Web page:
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William Blake

Author: Robin Hamlyn; Michael Phillips; William Blake; Tate Britain (Gallery); Metropolitan Museum of Art (New York, N.Y.)
Publisher: New York, N.Y. : H.N. Abrams, ©2000.
Edition/Format:   Book : EnglishView all editions and formats
Database:WorldCat
Summary:
"William Blake is one of the most influential, but also one of the most perplexing, of all British artists. Probably best known for his verses of the hymn "Jerusalem" and his poem "The Tyger," he produced an enormously varied range of visual work - including prints, illuminated books, drawings, and paintings - appealing to a more diverse audience than perhaps any other artist." "This illustrated volume, published to  Read more...
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Genre/Form: Exhibition catalogs
Exhibitions
Expositions
Additional Physical Format: Online version:
Hamlyn, Robin.
William Blake.
New York, N.Y. : H.N. Abrams, c2000
(OCoLC)603935897
Named Person: William Blake; William Blake; William Blake
Document Type: Book
All Authors / Contributors: Robin Hamlyn; Michael Phillips; William Blake; Tate Britain (Gallery); Metropolitan Museum of Art (New York, N.Y.)
ISBN: 0810957108 9780810957107
OCLC Number: 47838838
Notes: "Published by order of the Tate Trustees 2000 on the occasion of the exhibition at Tate Britain, London, 9 November 2000-11 February 2001, and The Metropolitan Museum of Art, New York, 27 March-24 June 2001"--T.p. verso.
Description: 304 p. : ill. (some col.) ; 31 cm.
Responsibility: Robin Hamlyn and Michael Phillips ; introductory essays by Peter Ackroyd and Marilyn Butler.

Abstract:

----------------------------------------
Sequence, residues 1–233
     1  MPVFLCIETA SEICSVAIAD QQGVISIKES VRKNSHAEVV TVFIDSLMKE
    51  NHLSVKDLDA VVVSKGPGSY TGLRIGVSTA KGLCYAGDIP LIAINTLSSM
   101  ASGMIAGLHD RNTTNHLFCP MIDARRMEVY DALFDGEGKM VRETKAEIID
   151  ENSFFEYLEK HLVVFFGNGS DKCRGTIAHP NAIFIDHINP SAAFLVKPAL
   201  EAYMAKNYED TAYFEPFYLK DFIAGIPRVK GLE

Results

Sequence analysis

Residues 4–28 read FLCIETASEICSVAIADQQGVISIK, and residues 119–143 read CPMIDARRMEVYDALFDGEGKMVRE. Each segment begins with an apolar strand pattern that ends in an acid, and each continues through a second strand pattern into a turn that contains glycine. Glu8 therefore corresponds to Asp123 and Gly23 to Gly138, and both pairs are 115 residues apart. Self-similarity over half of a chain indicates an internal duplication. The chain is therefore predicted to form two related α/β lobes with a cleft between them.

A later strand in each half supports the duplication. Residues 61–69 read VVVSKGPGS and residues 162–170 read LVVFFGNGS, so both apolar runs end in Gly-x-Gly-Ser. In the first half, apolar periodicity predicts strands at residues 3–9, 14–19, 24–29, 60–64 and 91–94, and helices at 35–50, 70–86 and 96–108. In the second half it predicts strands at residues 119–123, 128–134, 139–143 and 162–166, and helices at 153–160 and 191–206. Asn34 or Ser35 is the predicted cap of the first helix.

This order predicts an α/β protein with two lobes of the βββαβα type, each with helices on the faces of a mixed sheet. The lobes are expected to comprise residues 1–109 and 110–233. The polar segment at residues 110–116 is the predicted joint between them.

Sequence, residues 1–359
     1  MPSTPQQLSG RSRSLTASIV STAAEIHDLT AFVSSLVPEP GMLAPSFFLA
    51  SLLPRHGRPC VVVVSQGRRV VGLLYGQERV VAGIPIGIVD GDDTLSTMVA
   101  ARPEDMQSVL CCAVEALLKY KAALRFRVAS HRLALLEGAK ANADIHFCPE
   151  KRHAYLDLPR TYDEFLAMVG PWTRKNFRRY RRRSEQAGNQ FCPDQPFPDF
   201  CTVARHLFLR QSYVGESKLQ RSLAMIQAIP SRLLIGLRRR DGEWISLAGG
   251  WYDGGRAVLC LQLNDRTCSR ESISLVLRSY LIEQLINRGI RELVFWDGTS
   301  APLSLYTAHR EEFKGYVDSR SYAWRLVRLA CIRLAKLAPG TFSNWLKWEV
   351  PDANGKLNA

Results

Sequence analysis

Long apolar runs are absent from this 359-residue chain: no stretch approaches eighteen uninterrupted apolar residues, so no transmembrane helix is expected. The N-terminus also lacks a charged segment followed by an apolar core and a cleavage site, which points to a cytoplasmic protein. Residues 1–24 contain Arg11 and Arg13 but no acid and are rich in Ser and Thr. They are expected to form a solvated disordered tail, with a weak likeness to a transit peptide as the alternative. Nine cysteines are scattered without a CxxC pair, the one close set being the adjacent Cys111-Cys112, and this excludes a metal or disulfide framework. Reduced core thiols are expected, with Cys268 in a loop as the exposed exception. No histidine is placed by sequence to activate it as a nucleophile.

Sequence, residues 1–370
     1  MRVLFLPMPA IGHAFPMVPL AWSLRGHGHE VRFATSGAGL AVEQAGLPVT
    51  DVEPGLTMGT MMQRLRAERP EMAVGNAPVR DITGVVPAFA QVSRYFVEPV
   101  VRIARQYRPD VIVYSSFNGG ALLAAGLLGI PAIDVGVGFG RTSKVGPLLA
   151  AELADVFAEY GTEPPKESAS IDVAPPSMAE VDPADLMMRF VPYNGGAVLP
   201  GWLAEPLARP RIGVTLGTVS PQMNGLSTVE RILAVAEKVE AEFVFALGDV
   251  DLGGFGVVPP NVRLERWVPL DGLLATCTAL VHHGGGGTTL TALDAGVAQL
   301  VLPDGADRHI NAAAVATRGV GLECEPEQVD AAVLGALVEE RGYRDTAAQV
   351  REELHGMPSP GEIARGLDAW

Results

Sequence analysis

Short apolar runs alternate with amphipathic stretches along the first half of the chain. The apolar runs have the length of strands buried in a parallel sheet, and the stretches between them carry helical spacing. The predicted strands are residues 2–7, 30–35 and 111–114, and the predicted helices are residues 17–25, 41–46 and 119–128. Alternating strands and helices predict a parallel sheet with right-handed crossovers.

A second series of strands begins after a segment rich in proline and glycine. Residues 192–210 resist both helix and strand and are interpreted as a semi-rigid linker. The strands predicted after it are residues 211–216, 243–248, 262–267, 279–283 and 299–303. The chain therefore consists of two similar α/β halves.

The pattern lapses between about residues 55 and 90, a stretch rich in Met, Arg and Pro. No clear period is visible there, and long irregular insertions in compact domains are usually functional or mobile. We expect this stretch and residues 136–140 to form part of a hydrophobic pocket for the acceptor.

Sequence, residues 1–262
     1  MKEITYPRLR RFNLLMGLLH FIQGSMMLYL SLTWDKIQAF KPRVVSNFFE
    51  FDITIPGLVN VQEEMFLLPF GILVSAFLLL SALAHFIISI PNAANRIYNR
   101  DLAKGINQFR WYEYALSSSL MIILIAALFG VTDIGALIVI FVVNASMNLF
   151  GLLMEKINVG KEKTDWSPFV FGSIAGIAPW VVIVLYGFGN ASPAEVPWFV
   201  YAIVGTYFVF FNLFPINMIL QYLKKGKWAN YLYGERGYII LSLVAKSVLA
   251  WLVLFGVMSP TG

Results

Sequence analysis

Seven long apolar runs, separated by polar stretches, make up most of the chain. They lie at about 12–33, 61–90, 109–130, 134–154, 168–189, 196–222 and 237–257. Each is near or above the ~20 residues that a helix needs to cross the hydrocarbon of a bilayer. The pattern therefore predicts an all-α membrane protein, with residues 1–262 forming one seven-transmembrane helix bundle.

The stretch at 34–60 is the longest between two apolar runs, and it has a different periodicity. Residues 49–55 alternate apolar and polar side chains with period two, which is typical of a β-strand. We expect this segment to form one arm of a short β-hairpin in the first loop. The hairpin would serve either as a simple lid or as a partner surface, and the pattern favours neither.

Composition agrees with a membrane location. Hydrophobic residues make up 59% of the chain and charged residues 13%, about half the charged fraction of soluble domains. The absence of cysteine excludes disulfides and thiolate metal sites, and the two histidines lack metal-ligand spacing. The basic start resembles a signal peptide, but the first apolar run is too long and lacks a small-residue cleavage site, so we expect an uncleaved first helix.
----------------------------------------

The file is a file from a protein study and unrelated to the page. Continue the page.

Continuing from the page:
"William Blake is one of the most influential, but also one of the most perplexing, of all British artists. Probably best known for his verses of the hymn "Jerusalem" and his poem "The Tyger," he produced an enormously varied range of visual work - including prints, illuminated books, drawings, and paintings - appealing to a more diverse audience than perhaps any other artist." "This illustrated volume, published to accompany the largest Blake exhibition ever mounted, closely examines Blake's vision, personal mythology, political views, and highly idiosyncratic painting techniques. An analysis of Blake's life-long interest in the Gothic, both as a source of his own distinctive style and as an ideal of spiritual and artistic integrity, leads into a study of his life during the 1790s, when his radical political interests and innovative printmaking techniques came together to form a totally new visionary art. This is followed by an investigation into the sources from which he developed his ideas, language, and images - including an explanation of the key characters that populated his imaginative universe. Finally, the culmination of Blake's highly original vision, his major illuminated books, including Songs of Innocence, Songs of Experience, Europe, and Jerusalem, are unveiled. Throughout, a wealth of reproductions bring Blake's vision to life." "In two opening essays, Peter Ackroyd, author of the definitive biography of the artist, introduces Blake the man, exploring the apparent contradictions of his complex personality, and Marilyn Butler, an expert on the poetry of the era, casts new light on Blake in the context of the social, cultural, and literary environment of his time."--BOOK JACKET.

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